So I’ve been pretty swamped this week and haven’t had much time to write. Next week I plan on starting a new blog series for a few weeks about Jesus and celebrations but for this week I’d like to share this.
This is a video that we showed at Highland a few weeks ago as we kicked off the new series EXTRAS. I read an article last year about the myriad of people who are in front of the cameras but behind the scenes in all of your favorite films and TV Shows. Most of them will never get discovered, they work hard and are paid little. And the question that kept coming back to me was…”Why? Why would anyone do this?”
So that’s what I went to find out. I’ll write more about my experience after I get further along in the series at Highland, but I will say this. I will never read the Bible the same way. There are hundred of tiny characters in the Holy plot of the Scriptures who just show up for a sentence or two and faithfully play their role to advance the story. They never knew how or if they would be remembered, but the story couldn’t go on without them.
I’d also like to point out that I am doing this series with one of my best friends in ministry Josh Graves, and that experience alone has been worth everything. There is something about having someone studying and praying and writing and dreaming together that makes ministry and its fruit so much richer. I don’t ever want to do a series again by myself.
Sometime in July, we asked Caleb Todd, a former student and current professional EXTRA in New York to describe why he did what he does, and he gave one of the best descriptions I could ask for of this profession and their dreams. I hope you see yourself in this paragraph. May you come to know you are appropriately small, and may you come to accept and flourish as a minor character.
The extras are the backbone in production. Our job is to fill the scene, create ambiance, provide a struggle for the Principals (main actors) and so on. We provide a world full of interest that, without us, would be extremely bland and we know this and . . . we use it to our advantage when necessary.
The payoff is mostly very little. You stand out in the cold all day in the street while arching your head way up at the top of a building where, supposedly, Sam Worthington is going to jump off (Man On a Ledge). Youget a boxed lunch, you wait in line for 2 hours to get your papers signed, and then see you only made $150 that day. Not worth it, no payoff. Then another day you’re with Will Smith or Steve Buscemi and eating a feast and making good money. I think, deep down, what makes me do it is the continual appreciation for my craft and everything that goes into it.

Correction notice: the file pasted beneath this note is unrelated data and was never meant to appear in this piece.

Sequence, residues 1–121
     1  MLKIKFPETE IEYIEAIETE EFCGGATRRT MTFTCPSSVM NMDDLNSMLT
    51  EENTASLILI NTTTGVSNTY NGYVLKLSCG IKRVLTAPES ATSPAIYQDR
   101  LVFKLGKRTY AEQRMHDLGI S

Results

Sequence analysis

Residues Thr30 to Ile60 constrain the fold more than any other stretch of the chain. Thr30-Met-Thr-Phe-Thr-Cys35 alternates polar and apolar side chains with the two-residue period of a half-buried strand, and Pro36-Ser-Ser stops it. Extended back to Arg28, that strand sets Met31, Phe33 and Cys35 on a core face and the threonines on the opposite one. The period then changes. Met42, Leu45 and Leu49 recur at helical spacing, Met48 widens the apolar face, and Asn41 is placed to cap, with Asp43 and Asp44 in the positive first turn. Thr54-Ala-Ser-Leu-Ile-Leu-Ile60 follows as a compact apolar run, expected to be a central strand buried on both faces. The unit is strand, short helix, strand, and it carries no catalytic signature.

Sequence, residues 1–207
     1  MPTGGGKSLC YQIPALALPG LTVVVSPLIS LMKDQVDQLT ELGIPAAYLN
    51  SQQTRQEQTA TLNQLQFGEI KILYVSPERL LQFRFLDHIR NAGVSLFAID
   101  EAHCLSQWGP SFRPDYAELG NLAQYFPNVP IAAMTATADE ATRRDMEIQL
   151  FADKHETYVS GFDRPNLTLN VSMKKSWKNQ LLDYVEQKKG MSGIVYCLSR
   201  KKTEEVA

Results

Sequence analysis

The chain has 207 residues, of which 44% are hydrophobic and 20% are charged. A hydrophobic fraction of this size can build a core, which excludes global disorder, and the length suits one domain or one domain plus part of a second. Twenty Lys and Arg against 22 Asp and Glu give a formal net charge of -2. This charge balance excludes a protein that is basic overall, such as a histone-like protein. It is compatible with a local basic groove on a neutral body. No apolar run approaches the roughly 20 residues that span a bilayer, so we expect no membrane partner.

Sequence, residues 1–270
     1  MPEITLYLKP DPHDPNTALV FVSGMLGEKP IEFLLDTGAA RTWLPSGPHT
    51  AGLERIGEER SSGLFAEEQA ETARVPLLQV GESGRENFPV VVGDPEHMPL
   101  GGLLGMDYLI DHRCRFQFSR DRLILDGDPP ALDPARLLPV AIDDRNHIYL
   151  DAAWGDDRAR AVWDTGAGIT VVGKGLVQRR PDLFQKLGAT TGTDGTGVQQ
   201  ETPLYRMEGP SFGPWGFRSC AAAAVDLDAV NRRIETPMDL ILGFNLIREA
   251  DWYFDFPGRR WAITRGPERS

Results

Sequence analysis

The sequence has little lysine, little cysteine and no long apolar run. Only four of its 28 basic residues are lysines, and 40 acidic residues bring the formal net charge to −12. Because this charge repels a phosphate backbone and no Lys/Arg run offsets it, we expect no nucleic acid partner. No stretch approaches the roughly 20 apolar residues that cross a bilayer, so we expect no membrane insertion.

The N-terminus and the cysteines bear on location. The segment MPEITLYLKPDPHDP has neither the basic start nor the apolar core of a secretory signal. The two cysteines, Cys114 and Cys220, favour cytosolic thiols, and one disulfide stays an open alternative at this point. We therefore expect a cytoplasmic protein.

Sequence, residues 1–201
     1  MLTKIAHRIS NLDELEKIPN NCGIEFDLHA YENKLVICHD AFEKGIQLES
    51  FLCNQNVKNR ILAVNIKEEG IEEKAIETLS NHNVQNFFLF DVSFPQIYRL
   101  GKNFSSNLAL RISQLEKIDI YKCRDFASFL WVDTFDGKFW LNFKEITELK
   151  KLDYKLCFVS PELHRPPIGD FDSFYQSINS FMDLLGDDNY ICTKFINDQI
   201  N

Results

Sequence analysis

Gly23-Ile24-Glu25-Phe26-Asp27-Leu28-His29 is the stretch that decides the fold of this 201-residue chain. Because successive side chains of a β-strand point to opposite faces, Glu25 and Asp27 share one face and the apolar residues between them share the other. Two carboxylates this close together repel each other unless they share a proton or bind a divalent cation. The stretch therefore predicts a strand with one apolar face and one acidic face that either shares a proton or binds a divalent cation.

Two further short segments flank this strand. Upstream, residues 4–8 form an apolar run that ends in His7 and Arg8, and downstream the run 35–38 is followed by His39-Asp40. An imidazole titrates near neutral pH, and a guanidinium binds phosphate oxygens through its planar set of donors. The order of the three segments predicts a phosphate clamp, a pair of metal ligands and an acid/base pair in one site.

I’ve worked so hard to get to where I am and I had no clue what the other side of the industry is. So, for me, I figured I would venture out on my own ledge and try it. Whether it’s Movies or Tv or Theatre, people depend on these things to get them through hardtimes or to pick them up and it’s this give and take of acting that makes it work it. Knowing that I may or may not be seen doesn’t stop me because I know I am part of the bigger picture. Whatever the experience, I know I am at least working and trying to make something of my life. It’s been incredibly eye opening which is the greatest payoff. Story telling is such an ancient art and it’s important that we continue to do so. All artists are story tellers and a story cannot be told simply by its main characters. You have to have the best friend, or the crazy co worker, or the dreaded in laws to really grasp the whole picture. One of my favorite painters is Georges Seurat and he’s most famous for his painting A Sunday Afternoon on the Isle of LaGrande Jatte. He was a pointillist painter and his huge piece of art depicting this park full of people is made up simply of tiny dots. The painting as a whole is really beautiful, but to move in closer and look at the intricate display of colored dots create the actual picture is nearly breathtaking. I love and live . . . to be that dot.”